The kit is being marketed as a “kick starter for the small scale farmers who want to adopt agribusiness” as their method for growing food.

“The farmers will have a chance to start small and grow bit by bit until they are able to afford the modern greenhouses which will set the ball rolling for them to enjoy the benefits of modern agribusiness,” Yariv Kedar, Amiran Kenya’s Deputy Director, explains on the company’s website.

The plan is to draw more people into agriculture by showing they do not need to be prisoners of weather patterns. Larger agribusiness enterprises already have the resources to benefit from technology such as greenhouses and avoid the worst effects of the weather.

By transcending fickle weather patterns, it is possible to reduce the risk of crop failure and the resulting financial damage – one reason people shy away from farming.

Amiran’s philosophy behind the kit is simple: knowledge and know-how matched with high-quality inputs that do not harm the environment. The idea is to introduce people to the concept of agribusiness, no matter how small their land size. Amiran estimates that by investing Sh 14,500 (US $168), a person could make Sh 25,000 (US $290) per season – making back in a season the initial investment cost.

Urban farmers and home gardeners are among those who can benefit, along with small-scale farmers in arid and semi-arid areas of Kenya.

Kedar said the kit’s drip pipes, which deliver water directly to the root of the plant, ensure that “every drop counts” and save between 30 to 60 per cent of water compared to other methods of irrigation.

“Using the Amiran Foundation Kit, farmers are now able to grow all year round and experience high yields while still conserving the scarce resource, water,” he said.

Published: March 2014

Resources

1) World Vegetable Center: The World Vegetable Center is the world’s leading international non-profit research and development institute committed to alleviating poverty and malnutrition in developing countries through vegetable research and development. Website: http://www.avrdc.org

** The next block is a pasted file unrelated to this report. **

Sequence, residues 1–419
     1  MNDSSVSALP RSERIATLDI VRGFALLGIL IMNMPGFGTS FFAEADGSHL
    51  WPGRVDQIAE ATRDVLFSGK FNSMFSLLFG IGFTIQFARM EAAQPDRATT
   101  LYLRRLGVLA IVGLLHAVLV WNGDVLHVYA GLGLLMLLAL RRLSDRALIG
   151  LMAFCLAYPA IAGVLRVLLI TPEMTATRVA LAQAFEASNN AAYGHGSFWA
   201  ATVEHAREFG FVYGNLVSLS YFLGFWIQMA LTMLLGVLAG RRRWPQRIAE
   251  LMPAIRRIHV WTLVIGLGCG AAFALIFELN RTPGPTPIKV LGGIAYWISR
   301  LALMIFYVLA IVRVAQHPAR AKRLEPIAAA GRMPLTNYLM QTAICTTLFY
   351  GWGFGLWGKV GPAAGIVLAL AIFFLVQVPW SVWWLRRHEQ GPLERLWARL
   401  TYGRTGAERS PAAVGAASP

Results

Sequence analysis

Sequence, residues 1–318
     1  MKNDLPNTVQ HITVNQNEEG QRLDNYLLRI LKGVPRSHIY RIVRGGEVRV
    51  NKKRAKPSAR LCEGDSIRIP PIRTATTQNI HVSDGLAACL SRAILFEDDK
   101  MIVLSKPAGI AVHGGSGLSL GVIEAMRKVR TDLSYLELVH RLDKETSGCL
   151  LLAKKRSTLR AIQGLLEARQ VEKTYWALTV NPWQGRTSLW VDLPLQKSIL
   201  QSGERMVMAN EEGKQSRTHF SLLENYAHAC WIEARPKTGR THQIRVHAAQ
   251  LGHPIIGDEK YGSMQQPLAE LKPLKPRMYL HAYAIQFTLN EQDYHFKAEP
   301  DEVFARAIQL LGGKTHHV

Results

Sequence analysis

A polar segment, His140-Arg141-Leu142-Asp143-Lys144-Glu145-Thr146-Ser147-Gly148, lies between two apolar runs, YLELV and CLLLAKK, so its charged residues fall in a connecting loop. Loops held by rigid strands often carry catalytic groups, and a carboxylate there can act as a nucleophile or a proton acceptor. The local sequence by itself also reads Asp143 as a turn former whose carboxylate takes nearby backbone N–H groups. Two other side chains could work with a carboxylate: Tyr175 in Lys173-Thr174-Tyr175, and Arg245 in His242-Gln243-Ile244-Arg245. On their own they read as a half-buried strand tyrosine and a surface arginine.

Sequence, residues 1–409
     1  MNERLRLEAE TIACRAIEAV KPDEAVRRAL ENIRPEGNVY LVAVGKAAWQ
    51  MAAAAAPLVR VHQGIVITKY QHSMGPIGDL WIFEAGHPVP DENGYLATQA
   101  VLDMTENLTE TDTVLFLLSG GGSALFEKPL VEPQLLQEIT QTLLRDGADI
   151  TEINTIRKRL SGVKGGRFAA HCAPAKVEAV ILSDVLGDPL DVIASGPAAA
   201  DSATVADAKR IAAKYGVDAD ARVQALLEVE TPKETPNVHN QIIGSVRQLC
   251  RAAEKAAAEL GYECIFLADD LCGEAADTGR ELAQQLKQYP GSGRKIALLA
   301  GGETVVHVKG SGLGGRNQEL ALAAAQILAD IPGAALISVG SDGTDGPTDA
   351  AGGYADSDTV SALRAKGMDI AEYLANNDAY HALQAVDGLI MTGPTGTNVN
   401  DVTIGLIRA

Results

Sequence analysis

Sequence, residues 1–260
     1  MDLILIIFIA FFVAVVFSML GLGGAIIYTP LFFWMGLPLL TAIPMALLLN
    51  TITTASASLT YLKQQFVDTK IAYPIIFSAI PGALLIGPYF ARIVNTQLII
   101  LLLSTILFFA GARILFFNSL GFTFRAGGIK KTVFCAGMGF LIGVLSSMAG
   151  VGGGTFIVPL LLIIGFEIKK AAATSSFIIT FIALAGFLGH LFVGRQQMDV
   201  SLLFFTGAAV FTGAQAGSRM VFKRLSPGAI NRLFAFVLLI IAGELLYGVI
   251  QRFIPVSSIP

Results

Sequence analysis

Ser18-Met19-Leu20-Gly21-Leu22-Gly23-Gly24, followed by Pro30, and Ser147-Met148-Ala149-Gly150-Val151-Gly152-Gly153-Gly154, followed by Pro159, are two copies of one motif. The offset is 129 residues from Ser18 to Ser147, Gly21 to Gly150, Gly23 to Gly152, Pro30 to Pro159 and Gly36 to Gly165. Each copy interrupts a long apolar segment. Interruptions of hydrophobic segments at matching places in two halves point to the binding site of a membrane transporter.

2) Songhai Centre: a Benin-based NGO that is a training, production, research, and development centre in sustainable agriculture. Website: http://www.songhai.org/english

3) Marketing African Leafy Vegetables: Challenges and Opportunities in the Kenyan Context by Kennedy M. Shiundu and Ruth. K. Oniang. Website: http://www.ajfand.net/Issue15/PDFs/8%20Shiundu-IPGR2_8.pdf

4) African Alliance for Capital Expansion: A management consultancy focused on private sector development and agribusiness in West Africa. Website: http://www.africanace.com/v3

Development Challenges, South-South Solutions was launched as an e-newsletter in 2006 by UNDP’s South-South Cooperation Unit (now the United Nations Office for South-South Cooperation) based in New York, USA. It led on profiling the rise of the global South as an economic powerhouse and was one of the first regular publications to champion the global South’s innovators, entrepreneurs, and pioneers. It tracked the key trends that are now so profoundly reshaping how development is seen and done. This includes the rapid take-up of mobile phones and information technology in the global South (as profiled in the first issue of magazine Southern Innovator), the move to becoming a majority urban world, a growing global innovator culture, and the plethora of solutions being developed in the global South to tackle its problems and improve living conditions and boost human development. The success of the e-newsletter led to the launch of the magazine Southern Innovator. 

Creative Commons License

This work is licensed under a
Creative Commons Attribution-Noncommercial-No Derivative Works 3.0 License.

ORCID iD: https://orcid.org/0000-0001-5311-1052.

© David South Consulting 2022